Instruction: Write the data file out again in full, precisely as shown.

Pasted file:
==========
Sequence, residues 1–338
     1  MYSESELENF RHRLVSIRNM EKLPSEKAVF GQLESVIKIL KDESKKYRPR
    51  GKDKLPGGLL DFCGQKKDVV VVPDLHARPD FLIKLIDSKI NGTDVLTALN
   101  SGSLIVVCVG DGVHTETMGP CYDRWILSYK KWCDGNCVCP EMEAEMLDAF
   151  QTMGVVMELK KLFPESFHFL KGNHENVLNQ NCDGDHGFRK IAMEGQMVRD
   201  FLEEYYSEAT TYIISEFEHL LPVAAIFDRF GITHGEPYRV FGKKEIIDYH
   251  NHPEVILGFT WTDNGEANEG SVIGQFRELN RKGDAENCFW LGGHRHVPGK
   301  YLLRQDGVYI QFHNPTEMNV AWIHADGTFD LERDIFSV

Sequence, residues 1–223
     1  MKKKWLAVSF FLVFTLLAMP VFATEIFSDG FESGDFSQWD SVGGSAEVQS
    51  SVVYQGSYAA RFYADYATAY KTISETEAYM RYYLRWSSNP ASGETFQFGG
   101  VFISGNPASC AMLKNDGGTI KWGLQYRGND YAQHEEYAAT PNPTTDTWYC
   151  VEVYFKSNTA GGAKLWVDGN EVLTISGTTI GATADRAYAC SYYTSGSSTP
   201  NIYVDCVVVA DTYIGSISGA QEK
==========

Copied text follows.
Sequence, residues 1–338
     1  MYSESELENF RHRLVSIRNM EKLPSEKAVF GQLESVIKIL KDESKKYRPR
    51  GKDKLPGGLL DFCGQKKDVV VVPDLHARPD FLIKLIDSKI NGTDVLTALN
   101  SGSLIVVCVG DGVHTETMGP CYDRWILSYK KWCDGNCVCP EMEAEMLDAF
   151  QTMGVVMELK KLFPESFHFL KGNHENVLNQ NCDGDHGFRK IAMEGQMVRD
   201  FLEEYYSEAT TYIISEFEHL LPVAAIFDRF GITHGEPYRV FGKKEIIDYH
   251  NHPEVILGFT WTDNGEANEG SVIGQFRELN RKGDAENCFW LGGHRHVPGK
   301  YLLRQDGVYI QFHNPTEMNV AWIHADGTFD LERDIFSV

Sequence, residues 1–223
     1  MKKKWLAVSF FLVFTLLAMP VFATEIFSDG FESGDFSQWD SVGGSAEVQS
    51  SVVYQGSYAA RFYADYATAY KTISETEAYM RYYLRWSSNP ASGETFQFGG
   101  VFISGNPASC AMLKNDGGTI KWGLQYRGND YAQHEEYAAT PNPTTDTWYC
   151  VEVYFKSNTA GGAKLWVDGN EVLTISGTTI GATADRAYAC SYYTSGSSTP
   201  NIYVDCVVVA DTYIGSISGA QEK